Surely that’s bad news for Northern Irish voters? “I don’t think it is,” says Molloy. “The fact we took two seats off the SDLP this time proves abstentionism works. It shows they didn’t deliver by attending. We have a mandate for abstentionism. The people have now rejected attendance at Westminster, and rejected Westminster itself. We’ve never been tempted to take our seats at all. It is very important we live by our mandate.”

If they did, however, they would cut the Conservatives’ and Democratic Unionist Party’s working majority from 13 to a much more precarious six. But Molloy believes any alliance will be a fundamentally weak one and that all his party need do is wait. “I think it’ll be short-lived,” he says. “Every past arrangement between the British government and unionist parties has always ended in tears.”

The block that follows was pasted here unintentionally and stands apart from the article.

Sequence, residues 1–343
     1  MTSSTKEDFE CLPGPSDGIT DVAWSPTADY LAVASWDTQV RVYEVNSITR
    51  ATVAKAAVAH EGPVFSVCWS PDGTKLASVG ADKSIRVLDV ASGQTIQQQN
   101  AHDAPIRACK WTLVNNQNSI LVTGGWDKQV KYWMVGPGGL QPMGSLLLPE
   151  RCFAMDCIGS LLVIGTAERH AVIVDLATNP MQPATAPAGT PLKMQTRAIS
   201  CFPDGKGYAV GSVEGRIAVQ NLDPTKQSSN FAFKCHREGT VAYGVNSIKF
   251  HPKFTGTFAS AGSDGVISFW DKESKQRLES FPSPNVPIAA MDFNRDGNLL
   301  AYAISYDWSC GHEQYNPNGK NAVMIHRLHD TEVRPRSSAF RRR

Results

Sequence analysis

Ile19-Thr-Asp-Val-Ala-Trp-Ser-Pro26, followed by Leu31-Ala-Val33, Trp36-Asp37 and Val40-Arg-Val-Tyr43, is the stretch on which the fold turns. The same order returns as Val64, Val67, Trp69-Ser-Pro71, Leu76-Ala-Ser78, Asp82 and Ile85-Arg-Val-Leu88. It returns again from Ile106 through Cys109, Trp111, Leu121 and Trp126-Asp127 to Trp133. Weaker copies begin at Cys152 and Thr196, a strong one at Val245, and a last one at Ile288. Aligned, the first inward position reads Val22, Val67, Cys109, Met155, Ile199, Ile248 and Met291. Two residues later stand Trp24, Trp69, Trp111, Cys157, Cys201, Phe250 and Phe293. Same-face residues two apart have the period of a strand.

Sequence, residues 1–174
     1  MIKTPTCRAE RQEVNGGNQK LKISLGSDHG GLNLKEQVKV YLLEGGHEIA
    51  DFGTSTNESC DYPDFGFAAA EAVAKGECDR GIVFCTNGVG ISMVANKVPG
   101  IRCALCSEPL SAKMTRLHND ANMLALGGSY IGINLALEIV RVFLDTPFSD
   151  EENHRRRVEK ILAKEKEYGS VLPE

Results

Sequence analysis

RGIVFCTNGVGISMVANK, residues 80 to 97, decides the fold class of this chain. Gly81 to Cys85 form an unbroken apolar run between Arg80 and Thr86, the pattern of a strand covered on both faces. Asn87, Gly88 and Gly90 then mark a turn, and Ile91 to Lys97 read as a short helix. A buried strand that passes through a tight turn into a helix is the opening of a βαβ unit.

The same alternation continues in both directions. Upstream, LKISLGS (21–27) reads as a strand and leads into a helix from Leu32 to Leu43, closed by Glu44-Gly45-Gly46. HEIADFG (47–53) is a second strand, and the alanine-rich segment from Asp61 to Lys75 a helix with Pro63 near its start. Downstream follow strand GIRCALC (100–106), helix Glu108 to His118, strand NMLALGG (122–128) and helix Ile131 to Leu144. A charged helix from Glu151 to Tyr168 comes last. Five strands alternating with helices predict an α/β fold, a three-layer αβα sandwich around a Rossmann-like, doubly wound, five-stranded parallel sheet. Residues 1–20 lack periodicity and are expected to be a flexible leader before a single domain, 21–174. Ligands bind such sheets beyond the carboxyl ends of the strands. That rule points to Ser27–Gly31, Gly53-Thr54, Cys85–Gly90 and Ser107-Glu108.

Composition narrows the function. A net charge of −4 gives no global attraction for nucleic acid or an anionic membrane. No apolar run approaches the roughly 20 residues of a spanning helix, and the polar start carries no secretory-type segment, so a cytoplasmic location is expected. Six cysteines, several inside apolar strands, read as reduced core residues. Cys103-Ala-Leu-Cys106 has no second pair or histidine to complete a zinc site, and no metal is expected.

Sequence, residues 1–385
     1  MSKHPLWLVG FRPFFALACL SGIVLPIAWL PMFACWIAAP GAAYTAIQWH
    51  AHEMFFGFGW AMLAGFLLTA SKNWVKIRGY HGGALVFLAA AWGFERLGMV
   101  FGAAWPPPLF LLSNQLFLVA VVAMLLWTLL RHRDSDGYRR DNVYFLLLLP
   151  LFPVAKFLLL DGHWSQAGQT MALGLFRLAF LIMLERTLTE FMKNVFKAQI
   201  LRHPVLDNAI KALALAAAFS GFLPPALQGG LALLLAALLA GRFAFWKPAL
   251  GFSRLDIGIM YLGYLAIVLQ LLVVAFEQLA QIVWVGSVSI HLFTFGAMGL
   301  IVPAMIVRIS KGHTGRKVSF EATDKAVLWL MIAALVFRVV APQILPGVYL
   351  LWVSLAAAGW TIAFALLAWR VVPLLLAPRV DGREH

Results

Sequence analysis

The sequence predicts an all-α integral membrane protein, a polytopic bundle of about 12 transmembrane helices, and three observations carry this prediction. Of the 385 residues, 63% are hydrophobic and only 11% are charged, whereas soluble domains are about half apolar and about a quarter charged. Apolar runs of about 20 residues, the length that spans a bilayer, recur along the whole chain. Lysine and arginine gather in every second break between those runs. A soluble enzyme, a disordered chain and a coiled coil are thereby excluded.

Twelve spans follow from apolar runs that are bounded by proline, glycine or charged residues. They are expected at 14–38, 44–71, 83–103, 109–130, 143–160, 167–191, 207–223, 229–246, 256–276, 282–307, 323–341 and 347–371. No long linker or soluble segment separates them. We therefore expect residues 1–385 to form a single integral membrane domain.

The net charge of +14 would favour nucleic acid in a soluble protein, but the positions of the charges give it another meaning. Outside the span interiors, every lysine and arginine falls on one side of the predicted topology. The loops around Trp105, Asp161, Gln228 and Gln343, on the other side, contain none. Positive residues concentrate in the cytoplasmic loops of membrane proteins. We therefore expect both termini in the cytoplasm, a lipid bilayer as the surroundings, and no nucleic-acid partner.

But if the DUP get its way – the party has signed a confidence and supply deal which delivers extra cash for Northern Ireland – then it need not. Arlene Foster has spoken of her party’s desire to secure a good deal for the entire country. Unsurprisingly, however, Sinn Fein does not buy the conciliatory rhetoric.

“They’ve never really tried to get a good deal for everybody,” says Michelle Gildernew, who won the hyper-marginal of Fermanagh and South Tyrone back from the Ulster Unionists last week. “The assembly and executive [which Sinn Fein and the DUP ran together] weren’t working for a lot of groups – whether that was the LGBT community, the Irish language community, or women...they might say they’re going to work for everybody, but we’ll judge them by their actions, not their words.”

Molloy agrees, and expresses concern that local politicians won’t be able to scrutinise new spending. “The executive needs to be up and running to implement that, and to ensure a fair distribution. If there’s new money coming into the North, we welcome that, but it has to be done through the executive.”

On current evidence, the call for local ministers to scrutinise the Conservatives’ deal with the DUP is wishful thinking – Northern Ireland has been without an executive since February, when the late Martin McGuinness resigned as deputy first minister and triggered a snap election.